The Heart Is Not A Size by Beth Kephart

Trustworthy and responsible Georgia, and sensitive and artistic Riley, have been best friends ever since grade school. Georgia, at a point in her life of deep and soulful searching, spots an advertisement on a bulletin board for a summer service trip to Juarez, Mexico, and just feels in her bones that she and Riley have to go. After Georgia manages to convince their parents of the necessity and the safety of the trip, the girls embark on a journey that is both outside their comfort zone, but also in exactly the place that each needs to be in order to begin facing their own safe existences which are fraught with their own kinds of very real peril.

This was my first experience reading a book by Beth Kephart and with as much as I had heard of her, I wondered whether her books could really live up to the hype. The bar was set very high.  She is the loveliest of people, but would I love her book? I started to read The Heart is Not a Size and quickly found that I was dividing my time between marveling at the thoughtful beauty of this story of friendship and identity, and the masterful way that Kephart constructs and communicates worlds in phrasing that is both spare and profound. I  took a few days to read this small book because I often had to stop just to ponder Kephart’s gift of language, and how much she is able to communicate with sentences that are seemingly casual, but which have to be carefully considered and placed by the author.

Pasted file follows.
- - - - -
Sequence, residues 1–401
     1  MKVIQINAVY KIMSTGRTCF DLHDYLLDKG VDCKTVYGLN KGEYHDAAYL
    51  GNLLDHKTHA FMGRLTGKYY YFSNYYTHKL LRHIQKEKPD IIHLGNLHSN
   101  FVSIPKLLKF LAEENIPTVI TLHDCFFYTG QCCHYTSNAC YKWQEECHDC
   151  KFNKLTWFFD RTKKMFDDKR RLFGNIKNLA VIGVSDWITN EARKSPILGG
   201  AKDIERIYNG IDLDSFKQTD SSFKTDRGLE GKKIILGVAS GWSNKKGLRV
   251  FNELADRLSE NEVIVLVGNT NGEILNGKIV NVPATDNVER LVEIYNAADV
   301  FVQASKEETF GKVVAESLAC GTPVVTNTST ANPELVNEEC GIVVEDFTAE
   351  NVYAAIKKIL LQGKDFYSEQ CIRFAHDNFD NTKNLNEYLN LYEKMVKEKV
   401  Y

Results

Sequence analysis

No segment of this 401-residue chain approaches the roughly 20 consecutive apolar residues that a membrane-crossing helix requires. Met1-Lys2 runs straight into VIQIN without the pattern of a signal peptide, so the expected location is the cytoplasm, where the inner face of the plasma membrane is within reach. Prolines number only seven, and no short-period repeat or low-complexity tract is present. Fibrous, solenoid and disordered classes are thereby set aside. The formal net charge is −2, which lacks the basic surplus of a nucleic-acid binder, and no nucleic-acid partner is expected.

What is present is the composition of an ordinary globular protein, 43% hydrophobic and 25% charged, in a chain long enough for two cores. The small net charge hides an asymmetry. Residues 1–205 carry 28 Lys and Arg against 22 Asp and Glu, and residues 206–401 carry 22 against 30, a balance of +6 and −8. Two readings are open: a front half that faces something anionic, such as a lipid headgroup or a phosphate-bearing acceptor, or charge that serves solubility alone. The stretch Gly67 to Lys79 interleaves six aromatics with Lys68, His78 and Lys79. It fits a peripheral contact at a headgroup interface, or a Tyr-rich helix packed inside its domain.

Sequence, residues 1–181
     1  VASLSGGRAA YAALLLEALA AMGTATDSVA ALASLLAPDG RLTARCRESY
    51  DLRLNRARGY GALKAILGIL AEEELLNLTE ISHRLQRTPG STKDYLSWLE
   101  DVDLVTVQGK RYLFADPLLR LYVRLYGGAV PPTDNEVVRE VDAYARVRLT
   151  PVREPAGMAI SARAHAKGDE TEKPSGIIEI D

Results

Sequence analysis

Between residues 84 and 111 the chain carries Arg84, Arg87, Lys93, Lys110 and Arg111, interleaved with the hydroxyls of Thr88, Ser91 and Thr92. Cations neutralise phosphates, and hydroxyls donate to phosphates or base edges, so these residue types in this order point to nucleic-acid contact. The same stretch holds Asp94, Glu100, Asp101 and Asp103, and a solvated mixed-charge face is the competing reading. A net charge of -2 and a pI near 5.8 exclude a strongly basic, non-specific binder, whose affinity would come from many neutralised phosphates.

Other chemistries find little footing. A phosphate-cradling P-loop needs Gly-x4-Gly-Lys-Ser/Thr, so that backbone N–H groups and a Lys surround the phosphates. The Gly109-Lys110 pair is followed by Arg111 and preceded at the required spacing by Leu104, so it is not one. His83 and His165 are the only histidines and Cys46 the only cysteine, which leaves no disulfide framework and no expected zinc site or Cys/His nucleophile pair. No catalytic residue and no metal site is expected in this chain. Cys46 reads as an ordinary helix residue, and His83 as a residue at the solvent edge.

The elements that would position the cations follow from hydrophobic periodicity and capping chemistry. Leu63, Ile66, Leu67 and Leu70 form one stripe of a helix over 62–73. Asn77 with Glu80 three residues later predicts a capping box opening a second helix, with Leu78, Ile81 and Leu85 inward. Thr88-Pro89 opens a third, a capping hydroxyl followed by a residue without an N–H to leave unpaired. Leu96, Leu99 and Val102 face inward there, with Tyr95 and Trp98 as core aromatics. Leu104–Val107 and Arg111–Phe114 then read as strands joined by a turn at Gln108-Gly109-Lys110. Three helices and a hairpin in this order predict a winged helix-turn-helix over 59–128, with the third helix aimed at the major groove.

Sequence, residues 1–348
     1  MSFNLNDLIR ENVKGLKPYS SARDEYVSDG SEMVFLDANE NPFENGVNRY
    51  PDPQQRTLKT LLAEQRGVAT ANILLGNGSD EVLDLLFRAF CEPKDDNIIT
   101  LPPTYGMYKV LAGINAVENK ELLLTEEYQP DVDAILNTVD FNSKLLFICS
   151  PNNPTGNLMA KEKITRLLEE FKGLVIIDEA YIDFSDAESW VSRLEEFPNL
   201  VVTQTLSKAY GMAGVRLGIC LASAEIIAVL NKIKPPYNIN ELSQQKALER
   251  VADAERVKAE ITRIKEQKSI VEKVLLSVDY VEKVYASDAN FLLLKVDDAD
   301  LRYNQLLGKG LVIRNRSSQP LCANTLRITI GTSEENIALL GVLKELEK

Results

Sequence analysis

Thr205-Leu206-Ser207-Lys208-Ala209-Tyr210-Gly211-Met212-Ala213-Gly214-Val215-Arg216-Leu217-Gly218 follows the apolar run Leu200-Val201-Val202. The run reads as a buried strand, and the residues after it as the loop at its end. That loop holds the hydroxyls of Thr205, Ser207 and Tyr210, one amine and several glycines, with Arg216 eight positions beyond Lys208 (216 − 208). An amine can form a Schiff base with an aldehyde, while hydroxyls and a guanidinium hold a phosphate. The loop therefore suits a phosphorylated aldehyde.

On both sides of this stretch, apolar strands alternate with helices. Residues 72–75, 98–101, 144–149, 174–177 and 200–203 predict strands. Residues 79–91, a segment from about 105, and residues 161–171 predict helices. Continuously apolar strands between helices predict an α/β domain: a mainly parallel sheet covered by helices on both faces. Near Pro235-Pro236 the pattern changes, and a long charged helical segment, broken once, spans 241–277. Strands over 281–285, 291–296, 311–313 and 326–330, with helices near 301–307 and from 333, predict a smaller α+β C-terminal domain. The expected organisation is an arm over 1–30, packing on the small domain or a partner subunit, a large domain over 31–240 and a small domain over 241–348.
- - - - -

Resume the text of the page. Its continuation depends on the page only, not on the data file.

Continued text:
What I loved was that the characters of this novel are crafted to express the girls, yes, but to also allow the readers to inhabit their existence and merge the girls’ experiences with their own personal feelings and reflections. You get just enough detail about each to effectively convey who they are, but I kept noticing that some details, Georgia and Riley’s size for one, are left to the imagination – to be determined by the reader and the reader’s state of mind and experiences. Riley is described as tiny, elfin, and on the verge of disappearing, but what does that mean for Georgia, and to the reader?  One of the things that I thought a lot about was the unbalanced and negative images that are broadcast about women, that lead to us chasing the  impossible standards and ideals that Riley thinks will make her special to her mother. Normally I would have been up in arms over not having a more complete picture of the characters, but here it added layers of meaning to the story for me.  I still think about Georgia and Riley, and Georgia’s painful, yet exquisitely worded realizations about life and friendship.

If you are looking for a novel where big things happen and the whole world changes, then you are looking in both the right place and the wrong place with The Heart Is Not A Size. Kephart places an amazing amount of trust in her readers, and while the movement in the story is subtle and unfolds slowly, lives do change in a big way. Highly Recommended.

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